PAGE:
[Tweeters] Urban Merlins

Kevin Lucas vikingcove at gmail.com
Sat Apr 21 16:52:20 PDT 2018


Bud,
Thank you for your informative post. I had no idea. Your ending was very
nice too.
Kevin Lucas
Selah

On Sat, Apr 21, 2018 at 12:51 PM, Bud Anderson <falconresearch at gmail.com>
wrote:


> Lynn Oliphant was the first person to document Merlins moving into a North

> American city back in 1971 in Saskatoon, Saskatchewan.

>

> The next year they found 2 pairs and by 1982, there were 16. Lynn

> estimates that there are now around 30-40 pairs in that city.

>

> A similar Merlin expansion also took place about that time in Edmonton,

> Alberta.

>

> Here in Washington, nesting Merlins had always been very rare despite many

> experienced raptor people looking for them for decades.

>

> There is very little historic information about them for our state.

>

> That all started to change in the 1980's thanks to people like Tom

> Gleason, Jim Fackler and others who started finding nesting pairs on the

> Olympic Peninsula and up the Skagit and Stillaguamish Rivers among other

> locations.

>

> The first known city pair that I am aware of was found in a neighborhood

> in Bellingham in 2000.

>

> The number increased to at least four pairs in Bellingham over the next

> few years.

>

> Then Merlins started a slow southward "colonization", showing up over the

> next few years in Burlington, Mt. Vernon, Anacortes, Stanwood, Everett,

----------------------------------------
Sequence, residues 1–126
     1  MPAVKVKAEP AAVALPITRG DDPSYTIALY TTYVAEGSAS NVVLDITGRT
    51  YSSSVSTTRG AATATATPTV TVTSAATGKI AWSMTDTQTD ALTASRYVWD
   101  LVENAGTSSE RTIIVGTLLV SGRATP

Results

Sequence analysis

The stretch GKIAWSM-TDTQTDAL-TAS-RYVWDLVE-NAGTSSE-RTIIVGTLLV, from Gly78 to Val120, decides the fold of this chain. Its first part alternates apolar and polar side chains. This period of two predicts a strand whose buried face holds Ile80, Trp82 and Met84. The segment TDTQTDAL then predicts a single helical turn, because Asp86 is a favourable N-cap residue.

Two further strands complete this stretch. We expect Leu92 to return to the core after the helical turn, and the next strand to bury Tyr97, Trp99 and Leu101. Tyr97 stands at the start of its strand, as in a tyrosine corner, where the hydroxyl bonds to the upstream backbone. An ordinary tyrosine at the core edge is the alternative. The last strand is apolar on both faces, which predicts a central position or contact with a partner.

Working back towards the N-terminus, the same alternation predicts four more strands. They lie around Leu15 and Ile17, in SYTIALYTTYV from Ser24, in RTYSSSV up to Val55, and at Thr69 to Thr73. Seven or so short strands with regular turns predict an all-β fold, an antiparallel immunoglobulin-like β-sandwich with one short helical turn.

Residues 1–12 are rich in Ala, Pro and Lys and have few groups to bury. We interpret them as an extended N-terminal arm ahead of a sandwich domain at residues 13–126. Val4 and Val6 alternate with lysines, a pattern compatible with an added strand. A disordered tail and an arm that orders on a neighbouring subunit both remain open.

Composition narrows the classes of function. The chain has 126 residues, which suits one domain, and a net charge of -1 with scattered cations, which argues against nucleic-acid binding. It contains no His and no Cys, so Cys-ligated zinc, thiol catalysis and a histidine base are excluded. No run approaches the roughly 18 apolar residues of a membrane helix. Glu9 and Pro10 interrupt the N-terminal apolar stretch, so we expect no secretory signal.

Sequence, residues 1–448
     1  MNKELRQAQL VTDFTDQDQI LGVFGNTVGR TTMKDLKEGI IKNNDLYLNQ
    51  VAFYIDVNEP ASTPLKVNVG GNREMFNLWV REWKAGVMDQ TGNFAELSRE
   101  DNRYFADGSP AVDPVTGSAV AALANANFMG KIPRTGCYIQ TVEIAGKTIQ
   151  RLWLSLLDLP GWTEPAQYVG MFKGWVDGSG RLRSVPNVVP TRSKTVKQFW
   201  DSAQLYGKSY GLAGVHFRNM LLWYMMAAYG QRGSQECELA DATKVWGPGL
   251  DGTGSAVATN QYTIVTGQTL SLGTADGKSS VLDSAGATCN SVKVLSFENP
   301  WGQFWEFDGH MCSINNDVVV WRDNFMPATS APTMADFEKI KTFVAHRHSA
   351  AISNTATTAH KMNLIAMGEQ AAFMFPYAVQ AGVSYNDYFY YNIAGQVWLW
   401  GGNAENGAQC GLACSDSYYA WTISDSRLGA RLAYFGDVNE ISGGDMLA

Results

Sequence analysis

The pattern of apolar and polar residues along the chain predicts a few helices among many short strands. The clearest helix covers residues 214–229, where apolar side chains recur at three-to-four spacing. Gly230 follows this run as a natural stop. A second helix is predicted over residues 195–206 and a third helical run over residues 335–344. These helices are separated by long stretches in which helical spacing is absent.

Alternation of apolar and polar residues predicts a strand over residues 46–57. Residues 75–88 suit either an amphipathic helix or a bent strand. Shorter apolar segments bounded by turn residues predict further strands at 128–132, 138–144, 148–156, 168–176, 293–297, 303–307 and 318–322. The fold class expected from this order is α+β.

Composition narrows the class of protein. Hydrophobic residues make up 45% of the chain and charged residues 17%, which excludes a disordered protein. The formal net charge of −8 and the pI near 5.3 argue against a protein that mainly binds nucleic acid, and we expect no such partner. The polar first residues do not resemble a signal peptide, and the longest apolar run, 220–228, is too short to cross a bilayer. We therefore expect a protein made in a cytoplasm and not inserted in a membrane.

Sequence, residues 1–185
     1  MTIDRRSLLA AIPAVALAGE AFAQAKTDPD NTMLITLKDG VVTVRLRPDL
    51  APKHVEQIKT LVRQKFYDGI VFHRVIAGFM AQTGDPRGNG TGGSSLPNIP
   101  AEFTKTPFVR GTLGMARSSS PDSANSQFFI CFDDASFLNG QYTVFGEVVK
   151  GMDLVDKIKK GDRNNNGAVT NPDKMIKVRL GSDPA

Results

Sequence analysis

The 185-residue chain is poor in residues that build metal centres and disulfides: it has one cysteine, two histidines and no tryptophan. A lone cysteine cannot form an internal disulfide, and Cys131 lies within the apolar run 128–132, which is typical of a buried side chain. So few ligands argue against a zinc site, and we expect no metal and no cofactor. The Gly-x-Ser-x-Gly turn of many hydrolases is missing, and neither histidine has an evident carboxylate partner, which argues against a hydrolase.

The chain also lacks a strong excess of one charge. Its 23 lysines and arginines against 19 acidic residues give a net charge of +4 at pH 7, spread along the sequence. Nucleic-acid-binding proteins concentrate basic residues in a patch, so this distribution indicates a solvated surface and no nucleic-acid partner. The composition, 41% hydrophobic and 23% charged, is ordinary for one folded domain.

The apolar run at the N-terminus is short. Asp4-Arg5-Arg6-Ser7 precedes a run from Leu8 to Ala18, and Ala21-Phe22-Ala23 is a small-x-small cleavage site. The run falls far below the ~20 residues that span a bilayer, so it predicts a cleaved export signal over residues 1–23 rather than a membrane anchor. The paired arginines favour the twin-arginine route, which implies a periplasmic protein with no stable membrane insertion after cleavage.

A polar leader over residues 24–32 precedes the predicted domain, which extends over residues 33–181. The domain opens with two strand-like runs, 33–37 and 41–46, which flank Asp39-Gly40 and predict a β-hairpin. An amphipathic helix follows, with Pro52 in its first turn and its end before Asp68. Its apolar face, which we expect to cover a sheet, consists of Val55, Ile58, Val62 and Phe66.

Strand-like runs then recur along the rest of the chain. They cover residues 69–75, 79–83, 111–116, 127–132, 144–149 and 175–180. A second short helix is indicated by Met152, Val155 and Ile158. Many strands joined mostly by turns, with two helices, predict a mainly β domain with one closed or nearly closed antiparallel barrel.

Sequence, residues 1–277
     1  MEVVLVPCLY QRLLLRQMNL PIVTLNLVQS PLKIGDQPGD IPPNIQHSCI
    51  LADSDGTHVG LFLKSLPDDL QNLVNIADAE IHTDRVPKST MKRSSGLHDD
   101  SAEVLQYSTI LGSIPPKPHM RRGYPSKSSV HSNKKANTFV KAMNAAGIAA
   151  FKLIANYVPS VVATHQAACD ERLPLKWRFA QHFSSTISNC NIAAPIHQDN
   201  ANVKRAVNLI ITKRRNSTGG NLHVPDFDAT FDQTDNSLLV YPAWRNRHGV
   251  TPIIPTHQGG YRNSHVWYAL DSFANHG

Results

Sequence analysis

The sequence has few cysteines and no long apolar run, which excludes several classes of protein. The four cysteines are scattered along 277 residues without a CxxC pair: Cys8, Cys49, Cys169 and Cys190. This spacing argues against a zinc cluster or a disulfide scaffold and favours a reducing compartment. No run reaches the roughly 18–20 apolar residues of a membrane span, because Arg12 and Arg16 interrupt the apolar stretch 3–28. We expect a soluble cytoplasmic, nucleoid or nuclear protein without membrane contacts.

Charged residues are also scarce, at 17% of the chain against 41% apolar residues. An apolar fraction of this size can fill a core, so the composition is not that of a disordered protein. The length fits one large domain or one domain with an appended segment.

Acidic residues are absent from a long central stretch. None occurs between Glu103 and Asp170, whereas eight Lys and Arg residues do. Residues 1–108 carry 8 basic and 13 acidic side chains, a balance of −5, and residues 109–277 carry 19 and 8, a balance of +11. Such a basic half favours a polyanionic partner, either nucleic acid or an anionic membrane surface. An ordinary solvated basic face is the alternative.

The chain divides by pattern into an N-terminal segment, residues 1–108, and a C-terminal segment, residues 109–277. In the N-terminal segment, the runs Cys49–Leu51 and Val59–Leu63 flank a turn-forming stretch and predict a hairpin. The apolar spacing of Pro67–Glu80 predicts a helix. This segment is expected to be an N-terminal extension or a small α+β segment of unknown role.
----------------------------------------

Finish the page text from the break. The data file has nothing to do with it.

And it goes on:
> Edmonds and finally Seattle.

>

> Fortunately, we have had Ben Vang-Johnson and Kim Mc Cormick documenting

> and studying this expansion in Seattle since 2013.

>

> This phenomenon of raptors moving into cities is, of course, not just

> limited to Merlins.

>

> We first saw it in Red-tailed Hawks after the I-5 freeway opening back in

> the mid-60's, Bald Eagles showed up in Kirkland and Seward Park shortly

> afterwards, peregrines arrived in 1994, and who knows when the first

> Cooper's Hawks started to breed in Seattle. Butch Olendorff had a pair on

> the hillside west of the Duwamish Slough in the late 1960's.

>

> Ospreys are likely to have been nesting on Lake Washington even further

> back in time.

>

> This colonization involving raptors moving into urban habitats is

> happening all across our continent.

>

> It is also underway in Europe with goshawks and sparrowhawks also moving

> into cities.

>

> So Merlins are likely to keep increasing in numbers locally, and Seattle

> should be no exception.

>

> How wonderful is that?

>

>

>

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>

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